# Power Series Comprehension

Can anyone recommend any particularly clear, simple, yet thorough sources of explanation of Power Series in general?

I'm a Calculus II student and am a complete beginner with infinite sequences and series, power series, and working with the concept of infinity in this way. I have (or think I have) a solid understanding of limits. I got an A in Calculus I and nearly always get questions regarding limits correct on quizzes and tests.

I feel relatively comfortable with the fundamentals of convergent/divergent series, and most of the tests for convergence and divergence. I'm in need of a lot more practice, definitely, but I'm not confused by this stuff. It's the details of Power Series that seem so vague to me.

In addition to our course textbook and my instructor, Calculus - Early Transcendentals by James Stewart, I've been reading about Power Series in The Calculus Lifesaver, by Adrian Banner, Thomas Calculus by George Thomas, and have watched some of the videos about the topic by Herbert Gross from MIT's Calculus Revisited (who had the most articulate and helpful—for me—explanation I've encountered so far).

All of these sources, clearly, are excellent Calculus resources (except for Stewart's Calculus and my instructor). Each has given me insight into different aspects of the nature of power series and their uses. But still I feel as if I'm missing something.

For instance, I know that power series are used extensively in many fields of science and engineering to approximate values of functions which can't be easily computed directly. But, based on my understanding, for power series to represent a function, you must be able to manipulate the function so it conforms to the pattern of convergence of a geometric series; e.g.,

$$\text{ If } f(x)=\frac{1}{3-x} \text{ then }S_N = \frac{a}{1-r}$$

$$S_N = \frac{1}{3}\left(\frac{1}{1-\frac{x}{3}}\right) \text{ , etc. }$$

Even then, the range of x values for which the resulting series converges can be tightly restricted. So, how is it possible that Power Series can be so extraordinarily useful in approximating functions if the way they are able to represent functions is so tightly constrained? I know I must be missing something here, but am not sure what. And this is just one example of the trouble I'm having wrapping my head around these new concepts.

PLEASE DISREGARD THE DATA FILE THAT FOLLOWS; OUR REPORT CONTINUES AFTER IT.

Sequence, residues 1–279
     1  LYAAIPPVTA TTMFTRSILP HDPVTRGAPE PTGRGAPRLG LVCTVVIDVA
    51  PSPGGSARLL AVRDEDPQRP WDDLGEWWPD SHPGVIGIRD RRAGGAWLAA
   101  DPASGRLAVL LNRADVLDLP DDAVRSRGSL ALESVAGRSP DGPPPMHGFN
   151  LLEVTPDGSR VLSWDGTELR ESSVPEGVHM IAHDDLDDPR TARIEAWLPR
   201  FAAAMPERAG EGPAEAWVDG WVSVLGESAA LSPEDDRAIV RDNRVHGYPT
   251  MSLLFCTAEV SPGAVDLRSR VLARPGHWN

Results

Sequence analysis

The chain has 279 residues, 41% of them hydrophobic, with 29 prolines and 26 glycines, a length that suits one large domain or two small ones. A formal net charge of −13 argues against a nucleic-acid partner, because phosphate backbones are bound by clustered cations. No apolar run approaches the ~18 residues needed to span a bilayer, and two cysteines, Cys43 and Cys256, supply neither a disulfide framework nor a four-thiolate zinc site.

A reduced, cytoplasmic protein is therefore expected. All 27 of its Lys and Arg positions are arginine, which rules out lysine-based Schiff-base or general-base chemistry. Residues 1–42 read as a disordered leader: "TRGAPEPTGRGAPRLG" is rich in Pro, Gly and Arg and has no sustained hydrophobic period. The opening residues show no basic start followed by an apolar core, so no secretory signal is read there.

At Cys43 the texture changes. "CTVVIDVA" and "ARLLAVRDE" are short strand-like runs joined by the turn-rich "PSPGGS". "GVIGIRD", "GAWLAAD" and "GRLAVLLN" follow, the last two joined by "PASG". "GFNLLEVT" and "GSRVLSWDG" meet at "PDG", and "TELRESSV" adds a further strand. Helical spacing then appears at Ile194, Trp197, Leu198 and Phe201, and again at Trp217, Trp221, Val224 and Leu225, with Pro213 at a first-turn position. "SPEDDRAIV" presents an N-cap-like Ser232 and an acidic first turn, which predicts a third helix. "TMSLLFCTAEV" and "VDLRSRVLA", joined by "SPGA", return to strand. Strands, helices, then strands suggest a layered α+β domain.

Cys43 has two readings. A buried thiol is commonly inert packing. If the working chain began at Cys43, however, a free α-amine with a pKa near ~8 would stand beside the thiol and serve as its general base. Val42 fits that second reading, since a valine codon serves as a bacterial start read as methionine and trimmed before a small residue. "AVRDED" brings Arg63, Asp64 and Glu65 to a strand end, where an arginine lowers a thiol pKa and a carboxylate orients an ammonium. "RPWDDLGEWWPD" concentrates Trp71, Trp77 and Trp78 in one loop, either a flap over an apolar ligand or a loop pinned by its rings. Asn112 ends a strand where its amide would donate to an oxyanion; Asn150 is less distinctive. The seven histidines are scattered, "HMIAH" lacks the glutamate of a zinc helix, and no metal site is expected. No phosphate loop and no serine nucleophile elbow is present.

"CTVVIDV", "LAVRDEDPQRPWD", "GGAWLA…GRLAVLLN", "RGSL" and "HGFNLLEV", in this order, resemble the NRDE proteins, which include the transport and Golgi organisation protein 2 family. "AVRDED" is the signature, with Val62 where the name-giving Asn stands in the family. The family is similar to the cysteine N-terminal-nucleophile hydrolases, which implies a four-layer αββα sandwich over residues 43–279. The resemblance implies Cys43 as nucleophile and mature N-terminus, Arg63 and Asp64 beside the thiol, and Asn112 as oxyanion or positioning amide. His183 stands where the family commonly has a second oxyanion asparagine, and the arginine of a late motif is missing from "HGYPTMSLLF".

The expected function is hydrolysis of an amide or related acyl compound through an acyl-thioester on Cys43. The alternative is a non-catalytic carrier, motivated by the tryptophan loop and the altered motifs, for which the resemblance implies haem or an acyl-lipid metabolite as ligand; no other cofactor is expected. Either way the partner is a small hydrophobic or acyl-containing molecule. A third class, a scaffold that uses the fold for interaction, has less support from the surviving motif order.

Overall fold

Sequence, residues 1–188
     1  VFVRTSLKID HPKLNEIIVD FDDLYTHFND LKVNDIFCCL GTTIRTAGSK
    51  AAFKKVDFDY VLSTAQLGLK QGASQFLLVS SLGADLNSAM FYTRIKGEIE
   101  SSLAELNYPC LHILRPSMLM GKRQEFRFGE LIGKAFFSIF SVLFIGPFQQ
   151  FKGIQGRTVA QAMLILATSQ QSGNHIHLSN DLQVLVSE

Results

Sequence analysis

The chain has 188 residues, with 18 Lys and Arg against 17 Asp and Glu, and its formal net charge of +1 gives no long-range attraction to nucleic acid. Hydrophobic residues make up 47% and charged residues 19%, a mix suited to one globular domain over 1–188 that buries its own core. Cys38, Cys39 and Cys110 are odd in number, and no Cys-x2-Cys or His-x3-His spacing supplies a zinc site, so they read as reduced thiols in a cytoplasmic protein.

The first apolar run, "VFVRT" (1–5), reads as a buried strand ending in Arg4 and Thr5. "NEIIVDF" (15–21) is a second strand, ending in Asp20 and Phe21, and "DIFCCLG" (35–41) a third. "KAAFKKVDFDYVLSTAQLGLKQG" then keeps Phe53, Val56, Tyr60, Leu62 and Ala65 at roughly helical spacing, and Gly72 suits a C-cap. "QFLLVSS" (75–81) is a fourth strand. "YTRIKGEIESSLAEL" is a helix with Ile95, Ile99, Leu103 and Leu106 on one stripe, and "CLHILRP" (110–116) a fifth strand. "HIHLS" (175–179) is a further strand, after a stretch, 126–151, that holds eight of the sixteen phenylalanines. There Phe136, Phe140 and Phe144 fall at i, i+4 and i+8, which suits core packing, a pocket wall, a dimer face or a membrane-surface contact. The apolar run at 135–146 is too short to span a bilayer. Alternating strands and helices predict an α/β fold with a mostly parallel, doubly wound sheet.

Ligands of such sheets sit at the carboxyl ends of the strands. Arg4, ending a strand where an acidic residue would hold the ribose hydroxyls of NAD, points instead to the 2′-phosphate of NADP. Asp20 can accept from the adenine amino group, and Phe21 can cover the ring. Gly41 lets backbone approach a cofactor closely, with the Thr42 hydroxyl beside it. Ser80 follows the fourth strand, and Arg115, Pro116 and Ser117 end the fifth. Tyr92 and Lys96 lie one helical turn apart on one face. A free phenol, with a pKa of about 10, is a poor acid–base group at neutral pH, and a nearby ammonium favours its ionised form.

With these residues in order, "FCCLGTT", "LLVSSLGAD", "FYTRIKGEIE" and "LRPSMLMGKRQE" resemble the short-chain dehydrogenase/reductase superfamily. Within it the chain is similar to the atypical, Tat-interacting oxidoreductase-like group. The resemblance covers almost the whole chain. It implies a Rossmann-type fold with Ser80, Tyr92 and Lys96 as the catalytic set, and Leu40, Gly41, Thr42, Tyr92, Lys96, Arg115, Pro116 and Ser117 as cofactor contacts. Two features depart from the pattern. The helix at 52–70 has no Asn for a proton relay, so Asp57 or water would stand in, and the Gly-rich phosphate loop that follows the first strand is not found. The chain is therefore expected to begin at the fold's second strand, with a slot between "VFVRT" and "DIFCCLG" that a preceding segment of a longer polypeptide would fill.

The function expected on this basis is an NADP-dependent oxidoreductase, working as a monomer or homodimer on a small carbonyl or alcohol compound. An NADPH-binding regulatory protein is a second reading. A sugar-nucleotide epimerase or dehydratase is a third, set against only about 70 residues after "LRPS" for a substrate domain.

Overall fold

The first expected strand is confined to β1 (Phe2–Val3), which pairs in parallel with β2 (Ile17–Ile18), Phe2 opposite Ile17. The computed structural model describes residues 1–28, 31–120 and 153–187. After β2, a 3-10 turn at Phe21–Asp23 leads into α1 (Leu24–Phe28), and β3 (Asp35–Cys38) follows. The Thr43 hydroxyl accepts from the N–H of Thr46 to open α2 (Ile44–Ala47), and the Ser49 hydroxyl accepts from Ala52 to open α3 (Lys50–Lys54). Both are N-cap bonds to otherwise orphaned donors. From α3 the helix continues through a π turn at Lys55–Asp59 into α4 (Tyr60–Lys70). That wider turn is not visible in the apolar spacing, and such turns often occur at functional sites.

Thanks in advance! I always find that different perspectives on a problem can make it easier to understand.

• Rudin's PMA has a section on power series, and it's a very valuable book on analysis. If you want something more complete, you may have a look at the first chapters of a complex analysis book. Henrici's "Applied and Computational Complex Analysis" starts with power series, is very clear, and has lots of applications. – Jean-Claude Arbaut Nov 12 '15 at 0:09
• Except in certain special (but important) cases, Taylor polynomials are much more useful than Taylor series, for exactly the reasons to which you are alluding: Taylor series frequently do not converge, and frequently even when they do converge, they converge to a different function than the one you want. – Ian Nov 12 '15 at 0:12
• @Jean-ClaudeArbaut Thank you very much. I will check those out. I have a copy of PMA on loan from the library. Many people have suggested turning to classic books on Analysis for clarifications of Calculus topics. I also have a copy of "Introduction to Calculus and Analysis" by Courant. I've read several chapters, about derivatives, integrals and series. But I was surprised many more recommendations weren't for more recent books. Does the arcane language and the use of Greek letters for variables and functions make them more challenging to understand? – tommytwoeyes Nov 13 '15 at 22:53
• @Ian Thank you for pointing this out. Nice to know I'm not completely on the wrong track. I think part of my difficulty is that I'm having trouble visualizing how the pieces--power series, Taylor series, Maclaurin series, and others--fit into the landscape of the problems they were invented to solve. I've thought about investigating the historical accounts of how those tools were developed, but my time is already consumed with my coursework. I've even searched for UML-type diagrams or mind maps that might illustrate the relationships between those tools, but I haven't found anything. – tommytwoeyes Nov 13 '15 at 22:57
• @tommytwoeyes Taylor polynomials achieve local approximation of relatively smooth functions. Taylor series give you a simple global formula for certain nice functions, including polynomials, exponentials, sine, cosine, etc. Yet they are also incredibly limited. For instance they do not even work globally for rational functions which have no singularities. There is a famous example, $\frac{1}{x^2+1}$, which is a completely smooth function--but its Maclaurin series is divergent for $|x| \geq 1$. This fact is closely related to some of the comments that have been made about complex variables. – Ian Nov 13 '15 at 23:33

Are you familiar with the concept of Analytic Continuation from Complex Analysis?. I guess you may not have studied Complex Analysis yet, but power series enable us to approximate functions and study their behaviour 'near' to singularities. i.e. $\frac{1}{1-x}$ is not defined for $x=1$ but when $|x| < 1 , \frac{1}{1-x} = \sum_{n=1}^{\infty} x^{n}$,this example is the Geometric Series Formula. Rudin's book is a must for beginners in analysis.